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This Glass half empty, Google

I am a cyborg, but I'm not a very good one.

I got Glass. Technically, just having Google Glass does not fit the correct definition of cyborg. I realize this.

"Okay, Glass," I say. "Google: cyborg." I then learn I pronounce things oddly.

"5 Ward," Glass googles. Then "sorry board." (It shows me some lovely images of Sorry boards.) Then "psyborg." ("Psyborg is a branding, graphic design, web design and interactive media studio focused on creative and useable. . . .") "nothing sorry board." "keyboard." "No no not bored." "psych ward." "tribal Aug," which doesn't even make sense. "51."

Then I yell "HOMOPHONES! HOMOPHONES EXIST YOU BLAZING MORON!" and it turns itself off.

Technology-wise, I am from the time-honored school of Yell At It and Maybe It'll Start Doing What You Want. It is good that I have no children.

As an only child, I have spent most of my life walking down the street talking to myself and acting like a total weirdo, so I was well prepared for the experience of owning Google Glass. In order to activate it with your head, using the default settings, you have to do a 30 degree backward head-tilt. So you walk down the street looking like a headbanger arguing with a ghost. "Okay, Glass," you say. "Dang it. Okay, I have it this time. Okay, Glass."

Your other option is to work it by tapping the side of your head with your finger, Professor X-style. This is great if your dream is to be Professor X, but it makes social interaction weird, because you are just sitting there tapping the side of your face. Then again, this is the closest I have ever come to reading what others are thinking: "Who is this weirdo, and how did she get Google Glass?"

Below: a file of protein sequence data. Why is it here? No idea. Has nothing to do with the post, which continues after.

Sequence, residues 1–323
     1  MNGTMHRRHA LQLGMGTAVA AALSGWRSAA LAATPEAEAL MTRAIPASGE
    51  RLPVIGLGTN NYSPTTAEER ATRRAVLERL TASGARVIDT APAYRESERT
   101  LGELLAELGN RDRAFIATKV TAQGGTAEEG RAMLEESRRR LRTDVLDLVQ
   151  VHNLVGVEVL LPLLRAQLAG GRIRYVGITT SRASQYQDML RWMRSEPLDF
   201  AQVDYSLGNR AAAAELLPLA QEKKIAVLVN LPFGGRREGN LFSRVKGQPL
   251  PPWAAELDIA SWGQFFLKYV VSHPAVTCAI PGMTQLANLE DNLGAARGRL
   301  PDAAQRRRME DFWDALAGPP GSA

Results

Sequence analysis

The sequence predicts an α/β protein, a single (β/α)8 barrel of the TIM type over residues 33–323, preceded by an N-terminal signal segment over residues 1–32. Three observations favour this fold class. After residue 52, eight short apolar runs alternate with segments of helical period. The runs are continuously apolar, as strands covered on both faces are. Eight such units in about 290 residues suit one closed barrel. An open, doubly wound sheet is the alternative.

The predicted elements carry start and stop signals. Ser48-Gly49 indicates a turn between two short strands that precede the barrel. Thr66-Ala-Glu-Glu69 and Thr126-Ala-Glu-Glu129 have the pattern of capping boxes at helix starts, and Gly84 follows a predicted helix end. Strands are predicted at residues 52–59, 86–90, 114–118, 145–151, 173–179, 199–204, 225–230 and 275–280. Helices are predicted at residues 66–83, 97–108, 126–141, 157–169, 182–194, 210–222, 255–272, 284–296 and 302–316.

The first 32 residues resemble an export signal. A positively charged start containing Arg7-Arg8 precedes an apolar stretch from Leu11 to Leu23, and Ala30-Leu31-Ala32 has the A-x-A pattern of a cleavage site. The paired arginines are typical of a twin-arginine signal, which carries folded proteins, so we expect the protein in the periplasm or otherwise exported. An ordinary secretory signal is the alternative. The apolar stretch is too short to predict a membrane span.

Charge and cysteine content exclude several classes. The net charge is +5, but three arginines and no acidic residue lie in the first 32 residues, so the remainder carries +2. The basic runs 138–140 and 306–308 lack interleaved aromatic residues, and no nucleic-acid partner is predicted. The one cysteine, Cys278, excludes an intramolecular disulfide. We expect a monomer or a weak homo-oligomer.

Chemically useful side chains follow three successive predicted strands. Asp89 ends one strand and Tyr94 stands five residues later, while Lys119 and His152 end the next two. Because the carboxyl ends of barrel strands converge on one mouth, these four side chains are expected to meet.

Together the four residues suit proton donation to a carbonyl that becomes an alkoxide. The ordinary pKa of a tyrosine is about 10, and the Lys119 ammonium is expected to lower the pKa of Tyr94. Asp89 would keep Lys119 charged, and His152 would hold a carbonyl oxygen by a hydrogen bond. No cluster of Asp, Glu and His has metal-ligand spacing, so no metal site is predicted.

It also keeps you on your toes. It's like playing an improv game at all times. You have to know exactly what your next move is or it'll shut you off.

I let one person try it at a bar, and he insisted it was "one of the best days of his life." I hope not. His fiancee was there. Presumably the day they met was better? The day he proposed? It's just a headband that lets you Google things.

No. Blasphemy. It's The Future.

And nothing compares to my rabid, dogged devotion to The Future. Is Google Glass everything I dreamed and more? Most of my dreams are nightmares about being called upon to use algebra in the real world, so this is better than that. But not much. It's like carrying the Fandango lady around with you at all times. "Skynet," you say. "Scott I knew it."

Do I bump into things? Not more than I do walking around with a cellphone. Probably less.

Even when you get it to work, you wonder. Is this a Segway? Or is this an iPhone? Is it Google Plus, or is it Facebook? This isn't the future, it's the present, so it's hard to say.

The worst thing about Google Glass so far is that it forces you to look up and talk to people. I thought we had agreed that this was a thing of the past.

Right now we're in a peak era of text. You text your friends. You text your relatives. You text even if you can't spell. You don't talk. You Gchat. But now Glass seems to want me to talk. Video chats, phone calls — I even have to talk to get it to transcribe my awful, rambly emails. I thought we'd all agreed this was awkward and wrong. If this works as planned, we're going to be interacting with actual humans more, not less. Are we sure we want this?

I don't believe any of this is Google's fault. It was doing the best it could, but I'm just not up to the task. It's from the 2070s, and I'm a '90s chick.

FreeDictionary.com, a site I have reached by manually typing it in on my computer, because Google Glass is being downright contumacious, informs me that "a cyborg is a person whose physiological functioning is enhanced by mechanical or electronic devices."

"Enhanced" would be strong.

© 2013 Washington Post

This Glass half empty, Google 08/06/13 [Last modified: Tuesday, August 6, 2013 4:58pm]

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